A former Australian gymnast has revealed how abusive coaching almost led her to take her own life as she joined fellow athletes in calling out a ‘toxic’ culture in the sport.
Chloe Gilliland, now 29, said her coaches repeatedly told her she was ‘stupid’ and ‘too heavy’ as she battled bulimia and anxiety.
She is one of more than 20 ex-gymnasts to take to social media in recent days to detail the emotional and physical abuse they suffered following their sporting dreams.
At the age of 15, Ms Gilliland, then known as Chloe Sims, won a gold medal at the 2006 Melbourne Commonwealth Games, but said by the time she was 17 years old she was contemplating suicide.
‘I felt it was easier to end my own life than to give in to what they wanted me to be,’ Ms Gilliland said in an emotionally-charged Facebook post.
‘They never called me ‘fat’ but remarked that I was ‘too heavy’, which was why I repeatedly couldn’t make it through my bar routine or the reason behind my stress injuries.’
She claimed coaches told her she was ‘overweight’ and a ‘danger to her own body’.
Many of those to share their experiences said they did so in response to the Netflix documentary Athlete A, which premiered last month.
The program documented the crimes of Team USA doctor Larry Nassar – who was sentenced to up to 175 years in prison in 2018 for molesting young athletes at a training centre in Michigan.
None of the athletes who have shared their stories, many of which have been posted using the hashtag #gymnastalliance, have made sexual abuse allegations against coaching staff.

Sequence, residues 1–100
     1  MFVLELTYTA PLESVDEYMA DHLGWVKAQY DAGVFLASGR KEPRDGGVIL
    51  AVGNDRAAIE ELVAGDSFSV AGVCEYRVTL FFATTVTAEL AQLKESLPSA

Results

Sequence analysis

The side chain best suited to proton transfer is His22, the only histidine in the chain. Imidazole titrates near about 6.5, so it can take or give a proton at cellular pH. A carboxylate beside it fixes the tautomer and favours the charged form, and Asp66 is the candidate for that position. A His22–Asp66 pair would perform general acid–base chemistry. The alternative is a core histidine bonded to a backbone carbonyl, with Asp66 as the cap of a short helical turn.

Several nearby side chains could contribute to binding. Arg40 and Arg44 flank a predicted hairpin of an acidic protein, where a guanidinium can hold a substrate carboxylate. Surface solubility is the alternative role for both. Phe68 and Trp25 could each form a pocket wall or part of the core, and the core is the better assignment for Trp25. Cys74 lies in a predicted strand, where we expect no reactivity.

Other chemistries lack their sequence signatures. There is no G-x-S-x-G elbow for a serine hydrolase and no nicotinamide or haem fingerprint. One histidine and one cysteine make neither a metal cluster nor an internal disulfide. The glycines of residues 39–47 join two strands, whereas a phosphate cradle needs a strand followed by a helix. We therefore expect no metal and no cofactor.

But Mary-Anne Monckton, a silver medallist at the 2014 Commonwealth Games, wrote on Monday the documentary brought up painful memories so deep she hoped they ‘would never come back to the surface’.
‘I, like so many others, have experienced body shaming, have had food withheld, been yelled at until I cried (even as an adult athlete, which is downright embarrassing), and been manipulated and ‘forced’ to do things that I was not physically ready for or capable of doing, which ultimately led to career ending injuries,’ she wrote.
‘For anyone reading this and wondering why these things continue to happen and why gymnasts don’t speak up about issues when they are having them, it is because it will ultimately ‘hurt’ them more than anyone else involved.’
Another 2014 Commonwealth Games silver medallist Olivia Vivian said representing her country at the highest level had left her a ‘broken athlete and a broken person’.
‘I was so over this sport,’ she wrote.
Polish-Australian gymnast Livia Giles also claimed she was deprived of food and water at training camps and told she was ‘ugly’ because she started developing hips and breasts.
Georgia Bonora, who represented Australian gymnastics at the 2008 and 2012 Summer Olympics, said her experience of the sport was characterised by a ‘culture of fear created by people in power’.
As former athletes took to social media in their dozens to tell their harrowing stories, Gymnastics Australia CEO Kitty Chiller wrote in an open letter the body had now created ‘a robust and confidential complaints procedure’ to report claims of abuse.
‘We are aware of the recent conversations about the culture of gymnastics following the release of the Athlete A documentary,’ she said.
‘We acknowledge and applaud those who have spoken up – their courage and their voice.
‘We see the passion that people have for the great things about our sport and we are grateful to all of you who want to help us make our sport as safe and supportive as it can be in the future.’